What motivates a soldier to plunge headlong into extreme danger, staking his very life for the sake of regimental pride and honour, while defending the nation? He is buoyed by the knowledge and belief that he can count on his regimental medical officer (RMO) to take care of him, should he sustain injuries. The very sight of a young captain or major with a red-cross armband, tending to casualties amid the overwhelming chaos of war, is known to have a salutary effect on the wounded men. War veterans vouch for the miraculous revival of some of those on the verge of death! Even otherwise, his presence is critical to the morale of the men on the battlefield. Yet no news channel, print media, prime time show or book ever highlights his contribution, role or acts of valour.
“The popular image of a war hero is that of a rifle or machine gun wielding infantry soldier or a tank man or a fighter pilot. A gentle physician with a stethoscope or a surgeon with a scalpel doesn’t exactly fit in as a war hero in the general perception,” observes Capt DP Ramachandran, an Armoured Corps veteran. “No wonder then,” he adds, “that many awe-inspiring feats of courage under fire by a galaxy of officers and men from the Army Medical Corps remain largely unknown.” Being human, the RMO may falter at times and face censure or criticism, sometimes unfairly, which the tank man describes as “an affliction common to the officer corps of all armies.” He has brought to light many significant details about medical officers, buried in official archives, with the passion of a scholar-historian.
The RMO is a soldier habituated to long route marches, firing practice, battle inoculation exercises, mountain climbing and hardships like everybody else in the unit. Some have doubled up as company commanders during the 1962 Sino-Indian war and later. Many MOs chose to minister to the casualties, unmindful of grave personal risks, even after their formations withdrew in disarray, leaving them to fend for themselves. For instance, Capt Raja Amrithalingam and his medical unit refused to abandon casualties in the face of mortal dangers, even resisting the Chinese hordes with Lee Enfield rifles and submachine guns, until they were overrun. He sustained injuries and was presumed dead, but survived and served wounded Indian and Chinese soldiers as a PoW. Another RMO, a captain with a Dogra unit, reportedly saved over 70 lives in 1971, under repeated enemy attacks and artillery bombardment in a mountainous terrain.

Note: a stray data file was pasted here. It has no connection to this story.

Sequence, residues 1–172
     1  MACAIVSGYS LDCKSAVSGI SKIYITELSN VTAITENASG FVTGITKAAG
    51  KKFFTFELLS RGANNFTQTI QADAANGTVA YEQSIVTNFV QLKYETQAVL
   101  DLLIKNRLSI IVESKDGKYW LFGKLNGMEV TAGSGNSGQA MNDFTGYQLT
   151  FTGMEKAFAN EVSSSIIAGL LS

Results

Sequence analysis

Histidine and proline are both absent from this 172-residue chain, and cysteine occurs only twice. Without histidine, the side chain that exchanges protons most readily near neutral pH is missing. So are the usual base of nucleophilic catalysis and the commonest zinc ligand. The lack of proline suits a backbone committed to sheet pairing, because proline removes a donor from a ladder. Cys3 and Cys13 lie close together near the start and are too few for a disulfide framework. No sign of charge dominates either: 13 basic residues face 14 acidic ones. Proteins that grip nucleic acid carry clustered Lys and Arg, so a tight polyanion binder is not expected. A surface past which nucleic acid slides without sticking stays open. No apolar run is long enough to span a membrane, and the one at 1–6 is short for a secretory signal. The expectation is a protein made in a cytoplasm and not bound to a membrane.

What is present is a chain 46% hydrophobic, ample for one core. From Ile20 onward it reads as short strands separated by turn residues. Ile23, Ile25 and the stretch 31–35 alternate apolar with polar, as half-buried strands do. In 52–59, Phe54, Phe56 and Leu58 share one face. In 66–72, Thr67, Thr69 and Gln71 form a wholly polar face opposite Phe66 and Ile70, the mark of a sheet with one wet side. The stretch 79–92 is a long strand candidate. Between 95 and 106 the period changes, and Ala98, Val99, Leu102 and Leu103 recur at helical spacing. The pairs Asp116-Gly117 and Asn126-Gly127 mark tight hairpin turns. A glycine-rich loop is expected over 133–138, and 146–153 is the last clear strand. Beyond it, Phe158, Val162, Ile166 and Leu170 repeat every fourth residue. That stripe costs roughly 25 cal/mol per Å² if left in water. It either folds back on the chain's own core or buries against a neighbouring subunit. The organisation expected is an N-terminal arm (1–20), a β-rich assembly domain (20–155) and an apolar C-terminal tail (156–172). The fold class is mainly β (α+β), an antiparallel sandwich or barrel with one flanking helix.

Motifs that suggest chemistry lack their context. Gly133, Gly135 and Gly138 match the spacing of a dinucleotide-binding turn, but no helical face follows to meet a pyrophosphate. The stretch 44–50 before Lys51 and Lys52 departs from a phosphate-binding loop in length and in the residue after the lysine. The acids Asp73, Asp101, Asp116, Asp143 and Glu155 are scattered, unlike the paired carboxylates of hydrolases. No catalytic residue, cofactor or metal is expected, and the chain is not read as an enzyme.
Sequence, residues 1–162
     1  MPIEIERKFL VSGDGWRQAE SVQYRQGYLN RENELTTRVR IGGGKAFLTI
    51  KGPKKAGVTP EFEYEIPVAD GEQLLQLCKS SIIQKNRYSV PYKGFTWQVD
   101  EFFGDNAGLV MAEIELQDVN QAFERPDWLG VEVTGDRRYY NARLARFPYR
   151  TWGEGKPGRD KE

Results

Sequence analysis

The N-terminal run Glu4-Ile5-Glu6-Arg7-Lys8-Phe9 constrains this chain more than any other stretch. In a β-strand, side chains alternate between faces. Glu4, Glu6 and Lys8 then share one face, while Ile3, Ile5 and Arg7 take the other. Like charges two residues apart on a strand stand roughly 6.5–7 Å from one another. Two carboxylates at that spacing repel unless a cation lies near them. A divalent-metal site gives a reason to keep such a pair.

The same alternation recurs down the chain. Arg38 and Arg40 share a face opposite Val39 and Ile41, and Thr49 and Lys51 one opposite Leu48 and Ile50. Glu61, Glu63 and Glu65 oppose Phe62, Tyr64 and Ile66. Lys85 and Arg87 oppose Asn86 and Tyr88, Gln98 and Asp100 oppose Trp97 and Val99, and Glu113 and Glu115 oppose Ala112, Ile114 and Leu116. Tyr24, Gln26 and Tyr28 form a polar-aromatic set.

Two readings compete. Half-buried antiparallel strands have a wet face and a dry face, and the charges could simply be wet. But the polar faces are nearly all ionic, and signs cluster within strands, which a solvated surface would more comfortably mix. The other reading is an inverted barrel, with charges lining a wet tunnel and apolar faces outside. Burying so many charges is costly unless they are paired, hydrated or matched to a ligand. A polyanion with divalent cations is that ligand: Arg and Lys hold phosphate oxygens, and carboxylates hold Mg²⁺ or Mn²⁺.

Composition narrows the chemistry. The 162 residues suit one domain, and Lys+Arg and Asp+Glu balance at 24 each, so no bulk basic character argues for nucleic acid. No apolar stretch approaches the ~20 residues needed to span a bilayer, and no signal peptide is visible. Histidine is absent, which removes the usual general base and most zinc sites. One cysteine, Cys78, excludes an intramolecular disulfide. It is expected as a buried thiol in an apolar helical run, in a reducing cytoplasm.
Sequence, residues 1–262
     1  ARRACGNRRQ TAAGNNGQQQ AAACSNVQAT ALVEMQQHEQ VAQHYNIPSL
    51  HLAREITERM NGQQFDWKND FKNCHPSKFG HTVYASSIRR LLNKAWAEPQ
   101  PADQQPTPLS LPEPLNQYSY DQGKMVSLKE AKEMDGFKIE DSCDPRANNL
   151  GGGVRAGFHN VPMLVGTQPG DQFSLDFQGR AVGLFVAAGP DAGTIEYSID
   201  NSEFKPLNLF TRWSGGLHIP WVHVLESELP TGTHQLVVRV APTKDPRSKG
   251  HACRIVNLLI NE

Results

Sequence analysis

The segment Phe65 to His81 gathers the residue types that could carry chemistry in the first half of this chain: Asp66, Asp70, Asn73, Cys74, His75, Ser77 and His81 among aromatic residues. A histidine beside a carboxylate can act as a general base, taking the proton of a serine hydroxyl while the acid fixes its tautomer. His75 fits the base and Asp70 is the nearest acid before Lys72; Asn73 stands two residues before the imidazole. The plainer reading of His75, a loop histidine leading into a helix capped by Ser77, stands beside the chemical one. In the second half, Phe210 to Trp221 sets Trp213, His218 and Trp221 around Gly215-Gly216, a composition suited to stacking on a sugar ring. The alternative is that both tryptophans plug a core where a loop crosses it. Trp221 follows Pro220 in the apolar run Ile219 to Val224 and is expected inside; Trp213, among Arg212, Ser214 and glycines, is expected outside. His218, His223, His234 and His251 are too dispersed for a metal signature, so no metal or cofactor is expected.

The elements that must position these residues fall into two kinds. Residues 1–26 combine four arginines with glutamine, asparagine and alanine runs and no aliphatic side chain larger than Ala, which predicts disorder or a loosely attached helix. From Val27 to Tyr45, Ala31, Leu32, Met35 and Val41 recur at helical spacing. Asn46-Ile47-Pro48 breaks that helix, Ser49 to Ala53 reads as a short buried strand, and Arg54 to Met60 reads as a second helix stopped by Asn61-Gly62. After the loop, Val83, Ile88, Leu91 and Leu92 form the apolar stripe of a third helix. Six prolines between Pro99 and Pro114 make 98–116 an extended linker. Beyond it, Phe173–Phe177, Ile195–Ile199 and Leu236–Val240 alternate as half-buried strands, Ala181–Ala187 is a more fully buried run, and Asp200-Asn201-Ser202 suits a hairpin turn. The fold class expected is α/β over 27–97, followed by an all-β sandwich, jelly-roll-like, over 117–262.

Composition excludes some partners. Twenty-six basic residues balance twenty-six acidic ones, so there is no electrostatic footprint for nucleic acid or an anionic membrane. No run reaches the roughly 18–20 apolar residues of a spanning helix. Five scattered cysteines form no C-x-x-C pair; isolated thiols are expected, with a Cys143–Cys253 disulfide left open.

More recently a major and the RMO of Sonam post in Siachen, the second highest on the glacier took over as the company commander, when his counterpart from the infantry proceeded on a long leave. Given the fact that the temperatures in Siachen hover between 30 to 50 degrees below zero, every second spent on the icy barrenness is the ultimate test of human fortitude and endurance, rarely experienced on any other terrain. The sheer psychological stress of being isolated on those unforgiving heights, cut off from family and civilisation for months, where each minute seems like an hour, does become unbearable at times. Yet soldiers have learnt to live with it, with vastly improved survivability in such extremes, because of the sustained efforts and dedication of the medical officers serving there.
These are just among the many odds that the RMO may have to face in the line of duty. For instance, late Major Sukumar Talukdar, the medical officer of 2/5 Gorkha Rifles (FF) before, during and after the 1965 war, tended to casualties amid hours of heavy shelling and small arms fire, saving many lives, in the decisive Battle of Charwa and later—his very first exposure to war and its horrors. In a stirring first person account of the ensuing battles in Sialkot Sector and its aftermath, which runs into 16 dog eared and yellowing foolscap sheets, Major Talukdar confesses going through “a very tough and difficult time in handling and managing the stretcher bearers. . . . They were not psychologically attuned to the tasks given to them,” he writes, even though they were no raw hands, but tough infantrymen themselves! Significantly, 2/5 GR is one of the Indian Army’s most decorated units, with the highest tally of three Victoria Crosses and is the recipient of Battle Honours Charwa.